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Interview 42

Age at interview: 22
Age at diagnosis: 15
Brief Outline: Testicular cancer (teratoma) and secondary tumours diagnosed in 1994. Orchidectomy and 5 cycles of chemotherapy (each with 3 or 4 days in hospital and two weeks at home). In Feb. 1995 major surgery (left thoraco-abdominal retroperitoneal lymph node dissec
Background: Student nurse; single, no children.

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Suggests that his brother and sister had less attention because his parents were so preoccupied...

Suggests that his brother and sister had less attention because his parents were so preoccupied...

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What was the whole impact of this on your family?

It affected my family a lot. Probably as much as it affected me. I've got a younger brother and sister who were pretty much put by the wayside and moved between family friends and other members of the family whilst I was in. And obviously my parents' focus was completely on me because I was so ill, and so they, they weren't ignored, but they were put aside. And my parents would get back from the hospital every evening and say "Hello, how was your day?" and eat a meal and then go straight to bed because they were coming straight back the next day. 

So it did affect everyone a lot.
 
 

Recognises the advantages of listening to other men who have had experience of testicular cancer.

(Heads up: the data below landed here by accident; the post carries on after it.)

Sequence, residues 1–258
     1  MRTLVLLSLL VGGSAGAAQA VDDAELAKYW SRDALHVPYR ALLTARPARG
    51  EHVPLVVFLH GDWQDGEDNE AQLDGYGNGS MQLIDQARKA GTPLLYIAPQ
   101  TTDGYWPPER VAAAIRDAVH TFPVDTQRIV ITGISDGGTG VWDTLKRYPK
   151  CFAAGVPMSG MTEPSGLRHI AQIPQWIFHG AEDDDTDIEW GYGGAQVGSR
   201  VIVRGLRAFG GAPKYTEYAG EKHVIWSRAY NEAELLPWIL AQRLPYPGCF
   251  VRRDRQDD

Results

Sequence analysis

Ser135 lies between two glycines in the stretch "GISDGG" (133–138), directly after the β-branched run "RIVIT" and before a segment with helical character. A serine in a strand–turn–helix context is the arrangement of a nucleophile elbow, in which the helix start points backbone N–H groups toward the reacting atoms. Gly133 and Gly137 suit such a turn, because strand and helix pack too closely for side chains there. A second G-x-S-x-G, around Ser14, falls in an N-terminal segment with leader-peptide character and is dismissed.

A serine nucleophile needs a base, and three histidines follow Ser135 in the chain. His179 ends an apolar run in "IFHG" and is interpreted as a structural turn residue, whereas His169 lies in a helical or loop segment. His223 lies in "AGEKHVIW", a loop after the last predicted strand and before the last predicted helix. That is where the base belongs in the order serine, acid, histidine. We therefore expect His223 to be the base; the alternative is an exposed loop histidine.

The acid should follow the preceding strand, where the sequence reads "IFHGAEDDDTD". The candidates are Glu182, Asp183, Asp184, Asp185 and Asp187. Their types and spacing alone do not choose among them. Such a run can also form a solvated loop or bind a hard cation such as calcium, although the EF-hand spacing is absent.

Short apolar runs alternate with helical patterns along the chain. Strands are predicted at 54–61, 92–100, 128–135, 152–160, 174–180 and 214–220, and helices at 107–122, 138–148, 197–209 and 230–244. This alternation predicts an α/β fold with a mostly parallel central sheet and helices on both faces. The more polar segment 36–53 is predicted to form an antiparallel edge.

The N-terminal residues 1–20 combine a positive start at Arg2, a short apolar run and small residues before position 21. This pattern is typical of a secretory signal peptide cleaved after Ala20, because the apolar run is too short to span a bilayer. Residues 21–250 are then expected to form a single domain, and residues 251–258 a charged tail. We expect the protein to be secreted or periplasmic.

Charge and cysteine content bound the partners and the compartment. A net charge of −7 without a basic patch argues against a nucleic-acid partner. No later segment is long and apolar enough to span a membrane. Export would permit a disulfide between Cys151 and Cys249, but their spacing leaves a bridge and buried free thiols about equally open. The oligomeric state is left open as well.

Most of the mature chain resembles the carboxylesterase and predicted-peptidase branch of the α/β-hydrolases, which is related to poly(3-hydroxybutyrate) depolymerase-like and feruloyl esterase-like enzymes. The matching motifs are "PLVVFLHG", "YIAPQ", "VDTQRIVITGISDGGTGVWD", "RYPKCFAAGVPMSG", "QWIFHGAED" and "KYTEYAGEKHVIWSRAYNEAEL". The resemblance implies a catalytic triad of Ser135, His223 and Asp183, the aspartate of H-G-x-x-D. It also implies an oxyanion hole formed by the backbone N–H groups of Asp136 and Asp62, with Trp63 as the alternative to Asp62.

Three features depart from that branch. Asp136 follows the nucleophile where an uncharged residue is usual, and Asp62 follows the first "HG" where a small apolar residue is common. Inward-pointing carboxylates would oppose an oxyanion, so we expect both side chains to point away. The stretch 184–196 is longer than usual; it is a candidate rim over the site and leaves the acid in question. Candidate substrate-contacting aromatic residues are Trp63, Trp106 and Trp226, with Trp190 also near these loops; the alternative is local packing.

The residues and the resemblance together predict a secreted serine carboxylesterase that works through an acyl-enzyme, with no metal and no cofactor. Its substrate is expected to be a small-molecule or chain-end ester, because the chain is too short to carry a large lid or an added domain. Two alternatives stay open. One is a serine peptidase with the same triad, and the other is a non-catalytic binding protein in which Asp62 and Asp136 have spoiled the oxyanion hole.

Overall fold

Recognises the advantages of listening to other men who have had experience of testicular cancer.

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So to have a website where you can go on and you can see people's experiences and find out a bit more what it's going to be like before you actually go and have it done is, would be an amazing help. Also it takes out the embarrassment of having to speak to someone down a phone line and then uncomfortable silences and stuff like that. You can see the person on the end, you can read what they've said or listen to it or see it and you don't have to have any interaction with them. You can just sit there and listen and make of it what you need to. Yeah I think it's great.
 
 

Describes major surgery to remove the lymph glands along the back of his spine.

Describes major surgery to remove the lymph glands along the back of his spine.

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At this point it's February and I've had all my chemotherapy and they decided that the cancer had shrunk enough that I needed to stop, I could stop the chemotherapy but not quite enough that my treatment was over. And they decided at that point that it would, the best thing to do would be to remove the lymph glands along the back of my spine which is where my cancer was and remove all the residual tumour. So I was taken away, 2 or 3 weeks after my last treatment, to another big hospital and booked in for my operation.